I’ve always had a thing for flowers. Growing up, Mum would encourage my sister and I to spend our weekends helping in the garden, even though it mostly ended up with us chopping worms in half to see if they’d regenerate (apparently, it’s a thing). The past three years have been spent on and off working as a florist, which is unassumingly a creative outlet to momentarily escape from this hectic and chaotic lifestyle.
I’ve been giving a great deal of thought to possibilities for my digital artefact. Somehow, I would love to combine my enjoyment for this hobby with my desire to pursue an interest in digital media. Last week I began experimenting with an Instagram page I named “Daily Daisy” (check it out here). The premise for this page is to post an image of floral inspiration every day to bring a little colour and effervescence to people’s feeds. I’ve noticed that with Instagram, especially as a woman, we are constantly exposed to images of the perfect lifestyle, body, holiday, meal, relationship, job, outfit….etc. etc. etc. Through a fake filtered lens we feel this significant sense of FOMO. The main goal for this project is to bring a source of beauty to people’s feeds, which is neutral in nature but still of interest to an audience: I mean everyone likes flowers, right?
So far, the experience has been positive. In the first week I have acquired a total of 126 likes/ comments on my posts and 18 followers. The project has not cost me a cent, but instead has allowed me to pursue an interest in photography and learn more about the workings of Instagram as a media platform (including the use of some pretty shameful hashtags). As Simpson argues, Instagram is a virtuous strategy as “users can’t get enough of its visual-only feed” and it allows marketers to “reach those outside of their networks… without big budgets” (Simpson 2017).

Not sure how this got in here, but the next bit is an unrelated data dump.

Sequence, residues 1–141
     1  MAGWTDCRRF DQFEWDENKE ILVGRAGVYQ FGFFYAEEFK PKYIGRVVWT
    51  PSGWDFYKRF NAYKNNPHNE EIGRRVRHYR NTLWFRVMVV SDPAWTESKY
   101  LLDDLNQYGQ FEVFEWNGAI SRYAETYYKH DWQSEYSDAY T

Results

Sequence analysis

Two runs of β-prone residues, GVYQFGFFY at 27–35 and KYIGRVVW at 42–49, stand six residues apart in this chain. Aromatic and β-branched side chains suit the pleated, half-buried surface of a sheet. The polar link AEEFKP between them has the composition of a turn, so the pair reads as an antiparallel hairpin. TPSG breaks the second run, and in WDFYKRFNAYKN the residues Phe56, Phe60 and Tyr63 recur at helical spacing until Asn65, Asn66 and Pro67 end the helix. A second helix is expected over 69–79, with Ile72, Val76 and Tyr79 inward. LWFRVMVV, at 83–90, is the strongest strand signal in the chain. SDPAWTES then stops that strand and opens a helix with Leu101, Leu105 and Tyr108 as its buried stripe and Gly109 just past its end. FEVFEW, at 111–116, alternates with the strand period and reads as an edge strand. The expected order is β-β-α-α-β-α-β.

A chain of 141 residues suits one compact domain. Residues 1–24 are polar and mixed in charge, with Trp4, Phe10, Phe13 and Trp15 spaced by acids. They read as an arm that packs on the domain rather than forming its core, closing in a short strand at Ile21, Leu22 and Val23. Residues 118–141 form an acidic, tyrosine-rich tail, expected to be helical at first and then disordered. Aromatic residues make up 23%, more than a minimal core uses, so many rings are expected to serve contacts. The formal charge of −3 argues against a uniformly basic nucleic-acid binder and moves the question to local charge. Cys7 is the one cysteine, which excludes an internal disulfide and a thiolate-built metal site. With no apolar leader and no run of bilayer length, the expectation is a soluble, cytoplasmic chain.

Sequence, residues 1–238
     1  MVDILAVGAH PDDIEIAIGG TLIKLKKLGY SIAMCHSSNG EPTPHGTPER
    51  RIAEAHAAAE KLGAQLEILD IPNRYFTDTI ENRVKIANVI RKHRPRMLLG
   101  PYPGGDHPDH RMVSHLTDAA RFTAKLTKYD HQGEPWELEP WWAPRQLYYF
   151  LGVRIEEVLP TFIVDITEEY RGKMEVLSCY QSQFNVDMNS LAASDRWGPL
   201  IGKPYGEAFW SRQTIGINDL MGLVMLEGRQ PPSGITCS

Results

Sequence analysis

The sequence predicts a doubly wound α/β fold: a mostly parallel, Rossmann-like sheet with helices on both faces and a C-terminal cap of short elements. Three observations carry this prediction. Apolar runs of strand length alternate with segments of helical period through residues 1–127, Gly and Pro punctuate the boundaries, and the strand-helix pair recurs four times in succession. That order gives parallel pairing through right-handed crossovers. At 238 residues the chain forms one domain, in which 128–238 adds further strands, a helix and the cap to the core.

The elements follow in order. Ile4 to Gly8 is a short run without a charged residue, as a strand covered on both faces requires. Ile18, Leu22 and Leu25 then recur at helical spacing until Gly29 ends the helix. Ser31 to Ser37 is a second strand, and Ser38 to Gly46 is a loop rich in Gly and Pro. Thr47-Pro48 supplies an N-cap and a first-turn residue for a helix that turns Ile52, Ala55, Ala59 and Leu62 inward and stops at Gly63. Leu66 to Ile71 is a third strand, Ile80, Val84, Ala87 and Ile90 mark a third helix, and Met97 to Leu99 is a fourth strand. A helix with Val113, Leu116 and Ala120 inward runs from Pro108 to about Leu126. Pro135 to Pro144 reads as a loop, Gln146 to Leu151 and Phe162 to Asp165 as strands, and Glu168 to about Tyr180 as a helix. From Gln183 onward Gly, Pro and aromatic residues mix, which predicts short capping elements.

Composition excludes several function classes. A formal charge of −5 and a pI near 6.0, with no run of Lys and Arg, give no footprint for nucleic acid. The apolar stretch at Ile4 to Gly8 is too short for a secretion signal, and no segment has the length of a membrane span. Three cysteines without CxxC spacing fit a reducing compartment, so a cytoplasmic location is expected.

However, there’s only so far images of flowers can go. Even in the week that I’ve experimented I’ve noticed the average number of likes has decreased, as has the frequency of acquired followers. I had to go back to the drawing board and rework the idea into something that was much more exiting and unique, and hence more likely to gain traction. For my new project I have drawn inspiration from Facebook pages such as “Cigarettes in unusual places” and “Things full of beans that shouldn’t be full of beans”. I plan to curate a series of photos that show snapshots of flowers in places that you would not expect. The principle for my artefact has not changed, but instead has taken on a form which I hope people will find some humour in and hence will be more inclined to follow. I also hope it may encourage submission of content from the audience, creating a sense of community and spreading interest in the page.
All I need now is a witty name for the artefact and a bunch of ideas for unusual flower photographing locations. I’ll leave you with a photo of my housemate’s wonderful contribution.